By Christina | August 13, 2009
High school football started this week and kids are weathering brutal temperatures during “two a day” practices in full gear. Heat exhaustion, dehydration, and heat stroke are very serious problems that these athletes are facing that are potentially fatal. According to the Annual Survey of Football Injury Research, heat stroke kills youth and professional football players each year. Since 1995, 39 players have died from heat stroke.
These problems are not isolated to teenage football athletes. All of us that like to take our workouts outside in the punishing heat of summer should be mindful of the symptoms of heat related problems and take every precaution possible to prevent them from occurring.
Even exercising an hour outside is enough to cause serious health problems if you are not properly hydrated and prepared. When it comes to dehydration, waiting until you are thirsty is too late. Your body is already dehydrated at that stage. Make sure you drink well before you even start exercising and hydrate with a cup of water every half hour, if not more frequently. Some symptoms to watch out for heat exhaustion and heat stroke are nausea, cessation of sweating, headache, dizziness, and weakness.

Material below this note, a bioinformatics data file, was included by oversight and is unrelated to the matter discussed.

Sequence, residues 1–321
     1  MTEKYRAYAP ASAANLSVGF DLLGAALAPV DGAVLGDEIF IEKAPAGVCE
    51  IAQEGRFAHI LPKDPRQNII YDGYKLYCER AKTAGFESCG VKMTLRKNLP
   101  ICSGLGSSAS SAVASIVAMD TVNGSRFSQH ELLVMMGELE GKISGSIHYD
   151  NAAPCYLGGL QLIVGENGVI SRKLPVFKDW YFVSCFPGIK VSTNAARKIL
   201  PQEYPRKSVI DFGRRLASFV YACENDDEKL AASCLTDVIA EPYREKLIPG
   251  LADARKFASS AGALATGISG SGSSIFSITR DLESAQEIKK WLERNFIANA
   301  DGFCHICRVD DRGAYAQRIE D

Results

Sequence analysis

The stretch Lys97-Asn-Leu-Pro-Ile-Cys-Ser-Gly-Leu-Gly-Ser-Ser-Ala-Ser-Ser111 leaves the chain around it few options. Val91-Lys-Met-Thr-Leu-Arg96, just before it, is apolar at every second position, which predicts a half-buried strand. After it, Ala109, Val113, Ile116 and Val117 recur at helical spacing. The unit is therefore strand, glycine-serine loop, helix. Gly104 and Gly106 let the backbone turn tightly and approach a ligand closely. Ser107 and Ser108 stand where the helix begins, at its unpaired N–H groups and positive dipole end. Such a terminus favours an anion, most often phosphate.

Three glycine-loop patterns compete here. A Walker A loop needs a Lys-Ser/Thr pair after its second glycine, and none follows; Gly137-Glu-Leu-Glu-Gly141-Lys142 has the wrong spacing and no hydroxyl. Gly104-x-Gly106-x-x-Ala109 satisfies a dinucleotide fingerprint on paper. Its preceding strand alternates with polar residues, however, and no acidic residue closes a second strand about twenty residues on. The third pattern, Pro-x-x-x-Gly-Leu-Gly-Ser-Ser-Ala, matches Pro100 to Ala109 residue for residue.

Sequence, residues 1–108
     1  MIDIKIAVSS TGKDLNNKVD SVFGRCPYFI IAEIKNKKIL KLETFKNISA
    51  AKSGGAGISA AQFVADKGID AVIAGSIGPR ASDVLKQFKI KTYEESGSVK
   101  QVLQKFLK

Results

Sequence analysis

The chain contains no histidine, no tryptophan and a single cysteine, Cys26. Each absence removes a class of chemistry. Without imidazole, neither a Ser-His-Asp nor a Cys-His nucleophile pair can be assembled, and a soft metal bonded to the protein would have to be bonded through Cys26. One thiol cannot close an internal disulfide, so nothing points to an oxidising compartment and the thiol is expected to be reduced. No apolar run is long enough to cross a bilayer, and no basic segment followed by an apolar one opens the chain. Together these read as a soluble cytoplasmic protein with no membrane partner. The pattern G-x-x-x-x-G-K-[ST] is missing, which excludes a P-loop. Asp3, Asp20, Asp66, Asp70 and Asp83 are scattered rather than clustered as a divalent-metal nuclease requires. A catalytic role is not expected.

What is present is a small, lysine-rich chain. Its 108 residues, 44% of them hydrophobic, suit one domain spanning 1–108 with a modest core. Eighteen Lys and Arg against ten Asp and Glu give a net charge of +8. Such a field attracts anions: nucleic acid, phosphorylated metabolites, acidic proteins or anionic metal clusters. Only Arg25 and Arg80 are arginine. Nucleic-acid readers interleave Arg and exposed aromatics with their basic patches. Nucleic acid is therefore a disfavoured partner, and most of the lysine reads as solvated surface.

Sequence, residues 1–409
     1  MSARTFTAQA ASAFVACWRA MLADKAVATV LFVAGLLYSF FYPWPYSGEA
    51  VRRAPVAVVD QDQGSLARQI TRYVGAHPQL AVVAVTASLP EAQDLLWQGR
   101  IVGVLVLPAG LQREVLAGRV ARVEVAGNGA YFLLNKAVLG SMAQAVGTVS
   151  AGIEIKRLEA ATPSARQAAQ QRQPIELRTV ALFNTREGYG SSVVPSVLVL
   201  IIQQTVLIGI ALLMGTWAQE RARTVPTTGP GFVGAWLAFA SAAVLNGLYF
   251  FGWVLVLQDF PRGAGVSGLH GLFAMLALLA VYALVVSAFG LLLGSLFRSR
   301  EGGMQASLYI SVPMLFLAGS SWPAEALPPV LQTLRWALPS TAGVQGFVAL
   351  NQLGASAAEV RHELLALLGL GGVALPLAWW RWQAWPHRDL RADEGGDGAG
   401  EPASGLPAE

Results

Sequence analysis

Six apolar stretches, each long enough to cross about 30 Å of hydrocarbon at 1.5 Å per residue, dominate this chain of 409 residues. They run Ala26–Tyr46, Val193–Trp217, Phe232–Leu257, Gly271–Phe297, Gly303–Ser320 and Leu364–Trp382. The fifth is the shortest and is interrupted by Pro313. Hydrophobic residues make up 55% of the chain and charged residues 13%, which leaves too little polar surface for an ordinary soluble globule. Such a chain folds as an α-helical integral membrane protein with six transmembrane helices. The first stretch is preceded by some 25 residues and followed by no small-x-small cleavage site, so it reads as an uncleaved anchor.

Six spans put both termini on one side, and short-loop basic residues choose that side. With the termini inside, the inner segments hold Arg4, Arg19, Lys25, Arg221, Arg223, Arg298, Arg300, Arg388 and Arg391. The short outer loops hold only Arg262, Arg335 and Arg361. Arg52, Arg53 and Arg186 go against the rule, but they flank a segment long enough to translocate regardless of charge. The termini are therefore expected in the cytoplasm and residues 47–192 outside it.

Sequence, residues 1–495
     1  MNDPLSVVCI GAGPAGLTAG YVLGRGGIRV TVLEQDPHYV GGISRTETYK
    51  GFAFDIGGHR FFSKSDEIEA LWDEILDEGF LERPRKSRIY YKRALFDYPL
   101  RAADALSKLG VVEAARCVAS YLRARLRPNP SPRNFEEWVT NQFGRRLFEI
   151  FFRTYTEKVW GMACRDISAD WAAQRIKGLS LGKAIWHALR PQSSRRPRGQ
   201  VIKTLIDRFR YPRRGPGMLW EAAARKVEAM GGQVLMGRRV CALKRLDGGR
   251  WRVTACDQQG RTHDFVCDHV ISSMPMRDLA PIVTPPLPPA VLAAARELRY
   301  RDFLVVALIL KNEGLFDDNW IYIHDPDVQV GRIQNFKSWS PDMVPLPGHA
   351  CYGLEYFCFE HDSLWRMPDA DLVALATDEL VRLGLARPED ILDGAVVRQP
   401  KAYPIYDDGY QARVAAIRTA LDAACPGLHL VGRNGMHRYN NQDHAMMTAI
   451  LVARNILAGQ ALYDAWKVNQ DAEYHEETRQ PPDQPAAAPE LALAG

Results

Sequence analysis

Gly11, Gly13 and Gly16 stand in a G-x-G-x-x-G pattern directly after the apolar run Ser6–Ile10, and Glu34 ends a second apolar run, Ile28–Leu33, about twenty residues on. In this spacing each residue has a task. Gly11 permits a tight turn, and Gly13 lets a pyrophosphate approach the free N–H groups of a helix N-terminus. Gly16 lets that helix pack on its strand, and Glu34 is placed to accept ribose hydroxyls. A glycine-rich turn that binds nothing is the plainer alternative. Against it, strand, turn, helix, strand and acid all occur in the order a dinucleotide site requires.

The most important thing you can do is listen to your body. Stop exercising immediately if you are not feeling right. In intense temperatures, this is not a case of working through your pain or discomfort. But rather, this is a situation of avoiding a trip to the hospital and potentially saving your life.
Besides staying well hydrated, some other tips to keep in mind if you prefer exercising outside in this heat are to exercise early or later in the day when the sun is setting. If you are a runner, look for shadier routes that provide protection against the sun directly pounding down on you. Lightweight clothing in light colors are also recommended to keep you cooler.
The most important thing to keep in mind is to use common sense. Hydrate, minimize direct sun exposure, and adjust your workouts to how you feel. No one likes to exercise outside more than me. Nothing feels better than a hot, sweaty run. But if your runs leave you more than just feeling hot, you will be running to the nearest emergency room. Be careful.